Every family business has disagreements and misunderstandings, which require challenging conversations to resolve. However, too often we tend to put off those conversations assuming things will get better if we have a few days of pouting silence or physical separation. Instead of talking about the issues, we bury ourselves in solo activity and have only casual conversations about the weather or the day’s work. We tell ourselves, “We have lived and worked together for years. The other person knows how I feel and think so why should we talk about it?”
Unfortunately, avoiding a challenging conversation does not solve it. In fact, the disagreement or misunderstanding swept under the rug usually escalates and eventually explodes, which leads to reduced productivity and broken relationships. The strong leader, however, recognizes there’s a problem and sets a “when and where” to discuss it. The sooner the issues are talked about, the better. The goals of the conversation are to:
- name the problem
- discover the underlying cause
- brainstorm possible solutions
- together, select the best solution
A good way to start the conversation is to ask, “What’s going on? Something seems to be bothering you. What is it? Why aren’t we communicating better?” Your first responsibility as a leader is to listen. Avoid the strong urge to immediately solve the issue or give coaching.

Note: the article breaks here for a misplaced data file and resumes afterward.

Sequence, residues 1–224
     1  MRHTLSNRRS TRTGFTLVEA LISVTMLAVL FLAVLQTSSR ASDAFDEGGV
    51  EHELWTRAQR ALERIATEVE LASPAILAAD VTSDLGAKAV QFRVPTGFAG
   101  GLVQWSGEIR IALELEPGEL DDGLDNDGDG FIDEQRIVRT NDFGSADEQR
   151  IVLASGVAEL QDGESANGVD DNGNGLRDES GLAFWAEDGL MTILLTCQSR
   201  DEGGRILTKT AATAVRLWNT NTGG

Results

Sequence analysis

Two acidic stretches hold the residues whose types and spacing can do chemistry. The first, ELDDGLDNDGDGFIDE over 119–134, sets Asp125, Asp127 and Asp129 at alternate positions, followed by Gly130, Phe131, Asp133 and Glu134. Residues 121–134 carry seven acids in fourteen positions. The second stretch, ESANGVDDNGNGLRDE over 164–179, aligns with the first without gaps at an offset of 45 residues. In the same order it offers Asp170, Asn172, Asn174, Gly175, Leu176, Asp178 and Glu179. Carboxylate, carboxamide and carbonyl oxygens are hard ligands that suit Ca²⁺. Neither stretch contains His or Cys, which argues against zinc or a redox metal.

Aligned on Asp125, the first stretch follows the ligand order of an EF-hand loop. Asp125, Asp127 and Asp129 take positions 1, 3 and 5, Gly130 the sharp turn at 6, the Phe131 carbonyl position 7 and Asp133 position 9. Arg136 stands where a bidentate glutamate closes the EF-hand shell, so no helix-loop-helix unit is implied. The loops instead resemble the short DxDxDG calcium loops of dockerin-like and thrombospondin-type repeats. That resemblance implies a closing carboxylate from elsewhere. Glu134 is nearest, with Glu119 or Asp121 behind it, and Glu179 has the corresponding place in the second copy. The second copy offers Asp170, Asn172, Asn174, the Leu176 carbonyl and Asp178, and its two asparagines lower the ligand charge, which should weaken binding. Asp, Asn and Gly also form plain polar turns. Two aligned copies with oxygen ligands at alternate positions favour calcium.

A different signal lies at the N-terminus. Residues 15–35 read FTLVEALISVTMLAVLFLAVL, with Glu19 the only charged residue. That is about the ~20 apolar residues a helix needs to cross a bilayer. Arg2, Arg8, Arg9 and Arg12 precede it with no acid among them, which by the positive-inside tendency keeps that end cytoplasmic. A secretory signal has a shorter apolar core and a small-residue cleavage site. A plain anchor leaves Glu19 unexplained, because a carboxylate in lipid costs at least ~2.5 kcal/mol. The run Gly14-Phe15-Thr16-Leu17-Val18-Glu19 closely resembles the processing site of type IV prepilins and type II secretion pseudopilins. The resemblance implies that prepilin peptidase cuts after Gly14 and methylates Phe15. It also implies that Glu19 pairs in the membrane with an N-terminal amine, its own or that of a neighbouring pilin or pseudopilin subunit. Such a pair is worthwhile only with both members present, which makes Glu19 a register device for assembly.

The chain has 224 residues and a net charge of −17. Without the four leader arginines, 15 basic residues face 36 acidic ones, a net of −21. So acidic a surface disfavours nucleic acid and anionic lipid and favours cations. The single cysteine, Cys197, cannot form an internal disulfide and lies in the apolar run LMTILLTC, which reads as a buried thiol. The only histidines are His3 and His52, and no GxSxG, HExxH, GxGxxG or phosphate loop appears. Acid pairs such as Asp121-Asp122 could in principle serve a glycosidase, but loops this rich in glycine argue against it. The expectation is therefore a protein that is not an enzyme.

It is essential the conversation be a fair process. Both parties need to feel the discussion is balanced and the powers of age, ownership or relationships with grandchildren or other family members are not leveraged to affect the balance. Creating a short list of guidelines of “how we are going to talk” is beneficial. The list often
includes honesty, openness, respect and no interrupting. One conversation I facilitated created four rules: no shouting, no cussing, no yelling and no spitting. It worked well for them.
The first step to resolution is to name the real problem. Shouting, silence, tears or anger are symptoms of what is causing the pain. The problem lies beneath the surface and usually deals with feelings or fears of lost relationship, broken communication or loss of personal value. One way to get to the real issue is to talk about what has changed in the relationship and when the change started to occur.
It is important to ask, “What do we each need to make things better and why do we need it?” For example, one person might say, “I need to feel more a part of the operational decision-making because I am 40 years old and still have no sense of leadership or ownership. When will it be my turn?”
After knowing the “why,” the solution is easier to discover and both parties can begin to brainstorm mutually beneficial options. From that list, they can select the best solution.
Lastly, a word of caution. If other family members’ or employees’ behaviors become a part of the discussion, it is imperative the conversation end until those individuals can be included. To have a successful solution to the problem, the conversation cannot be about others, but with others. Triangled conversations are not workable; direct communication must be practiced to find a win/win resolution.
The challenging conversation is simply using the values of integrity, respect, openness and fairness to create a working environment that allows each person to fulfill his/her needs for individual uniqueness and connection with others. If that is accomplished, you have talked to the right people at the right time.